In addition to most respondents saying they have a positive outlook, compared to 9% with a negative outlook, almost half of companies (43%) see outsourcing as a significant opportunity, while 42% see significant opportunities to expand services.
"Even amidst the recent tumult of Covid-19, physician burnout, and consolidation in the medical industry, medical billing companies are still a trusted choice for front-office support to independent practices, and make it easier for physicians to focus on delivering better care to patients," Kevin Marasco, chief marketing officer at Tebra, said in a statement.
"Our new 2023 U.S. Medical Billing Industry report highlights that medical billing companies will continue to thrive in this period of economic uncertainty."
Outsourcing medical billing is a strategy many providers have identified as a way to help cut costs and improve efficiency. A report by Kaufman Hall from October 2022 found that outsourcing revenue cycle functions was the most common area of outsourcing solutions for hospital and health system leaders, pursued by 27% of surveyed respondents.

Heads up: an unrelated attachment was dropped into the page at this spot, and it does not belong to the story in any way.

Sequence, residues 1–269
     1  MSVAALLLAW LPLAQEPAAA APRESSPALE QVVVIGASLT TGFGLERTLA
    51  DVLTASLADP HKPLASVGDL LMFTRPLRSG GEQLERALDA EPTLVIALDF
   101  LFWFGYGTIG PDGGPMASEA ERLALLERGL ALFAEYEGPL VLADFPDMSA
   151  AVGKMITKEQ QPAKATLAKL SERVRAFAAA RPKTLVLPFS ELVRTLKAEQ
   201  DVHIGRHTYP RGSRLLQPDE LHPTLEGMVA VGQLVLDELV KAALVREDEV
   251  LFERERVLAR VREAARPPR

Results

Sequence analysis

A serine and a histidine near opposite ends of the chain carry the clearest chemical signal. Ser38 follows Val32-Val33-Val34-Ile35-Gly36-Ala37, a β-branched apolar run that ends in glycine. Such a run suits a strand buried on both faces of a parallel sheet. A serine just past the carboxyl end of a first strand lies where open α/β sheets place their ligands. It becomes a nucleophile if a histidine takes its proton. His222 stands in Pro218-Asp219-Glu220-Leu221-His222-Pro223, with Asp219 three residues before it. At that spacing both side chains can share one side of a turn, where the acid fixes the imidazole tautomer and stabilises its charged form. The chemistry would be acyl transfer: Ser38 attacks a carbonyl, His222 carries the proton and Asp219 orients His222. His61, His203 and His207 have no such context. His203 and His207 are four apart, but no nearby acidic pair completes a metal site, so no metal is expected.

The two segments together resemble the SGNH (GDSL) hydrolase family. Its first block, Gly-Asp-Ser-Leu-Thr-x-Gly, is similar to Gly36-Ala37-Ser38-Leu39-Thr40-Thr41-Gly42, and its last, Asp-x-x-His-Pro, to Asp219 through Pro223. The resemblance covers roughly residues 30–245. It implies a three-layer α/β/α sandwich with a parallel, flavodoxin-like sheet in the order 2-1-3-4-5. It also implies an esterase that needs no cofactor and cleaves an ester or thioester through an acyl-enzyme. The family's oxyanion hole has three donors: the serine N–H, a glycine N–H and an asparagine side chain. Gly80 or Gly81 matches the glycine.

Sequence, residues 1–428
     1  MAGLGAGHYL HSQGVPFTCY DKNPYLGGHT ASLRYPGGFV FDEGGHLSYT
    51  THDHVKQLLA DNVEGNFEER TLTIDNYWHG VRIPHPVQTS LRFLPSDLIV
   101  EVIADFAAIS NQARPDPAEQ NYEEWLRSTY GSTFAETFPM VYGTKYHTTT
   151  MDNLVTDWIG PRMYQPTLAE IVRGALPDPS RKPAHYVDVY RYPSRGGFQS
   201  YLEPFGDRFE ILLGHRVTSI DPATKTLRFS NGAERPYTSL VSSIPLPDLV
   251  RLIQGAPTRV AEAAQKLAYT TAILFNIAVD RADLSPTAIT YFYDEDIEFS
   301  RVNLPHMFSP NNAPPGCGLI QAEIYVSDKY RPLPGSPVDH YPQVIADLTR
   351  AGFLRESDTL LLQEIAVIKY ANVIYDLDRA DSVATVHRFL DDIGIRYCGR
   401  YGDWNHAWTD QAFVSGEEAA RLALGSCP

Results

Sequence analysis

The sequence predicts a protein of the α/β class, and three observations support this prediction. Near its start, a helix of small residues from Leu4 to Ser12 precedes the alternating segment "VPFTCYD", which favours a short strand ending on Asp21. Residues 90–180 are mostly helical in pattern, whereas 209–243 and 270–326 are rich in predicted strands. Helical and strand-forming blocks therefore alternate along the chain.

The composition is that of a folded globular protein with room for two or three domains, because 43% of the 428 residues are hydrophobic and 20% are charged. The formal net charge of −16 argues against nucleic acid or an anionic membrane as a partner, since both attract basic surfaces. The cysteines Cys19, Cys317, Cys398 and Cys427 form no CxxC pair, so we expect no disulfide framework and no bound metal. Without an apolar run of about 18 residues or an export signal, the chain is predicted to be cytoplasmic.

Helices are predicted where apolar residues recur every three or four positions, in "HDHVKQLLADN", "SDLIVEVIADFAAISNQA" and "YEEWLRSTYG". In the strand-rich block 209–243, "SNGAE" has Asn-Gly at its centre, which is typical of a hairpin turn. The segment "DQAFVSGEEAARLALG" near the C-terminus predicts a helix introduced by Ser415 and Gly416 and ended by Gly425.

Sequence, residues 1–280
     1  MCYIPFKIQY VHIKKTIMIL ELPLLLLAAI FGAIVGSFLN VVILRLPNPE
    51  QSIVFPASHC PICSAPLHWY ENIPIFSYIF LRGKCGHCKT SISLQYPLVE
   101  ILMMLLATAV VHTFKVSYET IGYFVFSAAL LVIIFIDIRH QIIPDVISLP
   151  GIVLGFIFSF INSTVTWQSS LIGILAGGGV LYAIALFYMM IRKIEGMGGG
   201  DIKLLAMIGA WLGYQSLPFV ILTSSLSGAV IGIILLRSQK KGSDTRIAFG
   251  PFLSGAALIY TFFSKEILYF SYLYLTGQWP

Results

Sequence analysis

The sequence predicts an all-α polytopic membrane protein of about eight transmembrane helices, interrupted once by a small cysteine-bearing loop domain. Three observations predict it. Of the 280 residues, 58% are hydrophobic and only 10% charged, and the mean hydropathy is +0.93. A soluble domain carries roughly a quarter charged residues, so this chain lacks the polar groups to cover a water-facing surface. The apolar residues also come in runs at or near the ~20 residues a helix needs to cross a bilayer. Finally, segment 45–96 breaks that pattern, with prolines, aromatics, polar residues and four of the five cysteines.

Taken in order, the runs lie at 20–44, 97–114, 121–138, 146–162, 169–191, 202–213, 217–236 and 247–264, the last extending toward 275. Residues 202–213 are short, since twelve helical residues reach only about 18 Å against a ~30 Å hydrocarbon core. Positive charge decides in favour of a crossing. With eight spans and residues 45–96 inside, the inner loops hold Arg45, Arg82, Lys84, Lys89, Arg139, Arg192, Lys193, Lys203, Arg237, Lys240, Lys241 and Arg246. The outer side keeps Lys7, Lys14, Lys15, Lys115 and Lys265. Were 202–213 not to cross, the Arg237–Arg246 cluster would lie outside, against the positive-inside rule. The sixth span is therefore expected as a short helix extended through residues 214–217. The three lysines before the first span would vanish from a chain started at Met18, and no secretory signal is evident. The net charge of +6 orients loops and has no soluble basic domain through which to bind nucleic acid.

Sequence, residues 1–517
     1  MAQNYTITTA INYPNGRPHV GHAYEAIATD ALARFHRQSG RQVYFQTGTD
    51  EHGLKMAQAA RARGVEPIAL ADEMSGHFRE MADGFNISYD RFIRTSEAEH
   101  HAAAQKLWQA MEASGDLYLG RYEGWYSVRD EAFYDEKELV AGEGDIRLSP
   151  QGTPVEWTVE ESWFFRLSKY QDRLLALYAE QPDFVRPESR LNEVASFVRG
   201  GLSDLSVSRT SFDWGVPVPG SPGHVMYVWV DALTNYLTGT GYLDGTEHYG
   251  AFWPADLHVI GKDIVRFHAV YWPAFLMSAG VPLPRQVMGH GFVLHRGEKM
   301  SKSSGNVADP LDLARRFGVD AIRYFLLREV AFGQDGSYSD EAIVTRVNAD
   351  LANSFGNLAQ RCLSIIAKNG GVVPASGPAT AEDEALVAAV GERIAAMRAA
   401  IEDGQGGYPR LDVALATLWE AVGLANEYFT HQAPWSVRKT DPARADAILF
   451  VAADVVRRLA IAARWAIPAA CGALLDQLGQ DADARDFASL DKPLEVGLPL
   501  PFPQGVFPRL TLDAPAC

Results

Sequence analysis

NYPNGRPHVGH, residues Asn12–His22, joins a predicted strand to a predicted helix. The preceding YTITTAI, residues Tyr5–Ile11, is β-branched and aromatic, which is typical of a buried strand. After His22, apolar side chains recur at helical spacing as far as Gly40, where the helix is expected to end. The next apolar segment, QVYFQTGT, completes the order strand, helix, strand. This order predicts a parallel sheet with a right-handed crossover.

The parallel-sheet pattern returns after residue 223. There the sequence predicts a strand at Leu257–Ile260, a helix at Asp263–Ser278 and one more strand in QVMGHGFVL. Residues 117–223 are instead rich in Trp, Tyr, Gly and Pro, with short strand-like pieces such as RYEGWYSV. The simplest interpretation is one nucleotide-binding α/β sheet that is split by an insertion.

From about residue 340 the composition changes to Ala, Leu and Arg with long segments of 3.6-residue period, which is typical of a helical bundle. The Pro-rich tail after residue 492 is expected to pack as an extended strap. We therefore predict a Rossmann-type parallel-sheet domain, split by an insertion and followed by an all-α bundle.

Automation is part of the appeal for providers outsourcing billing, but many billing companies are still manually handling administrative tasks. According to Tebra's report, only 29% of billing companies use automation, robotic process automation (RPA), HL7 integrations, and outsourcing to manage workflows, leaving plenty of room for improvement to streamline processes.
The companies that have embraced automation have experienced growth, the report states, with more than half (52%) of "high-growth" companies using RPA and 39% using patient collections automation.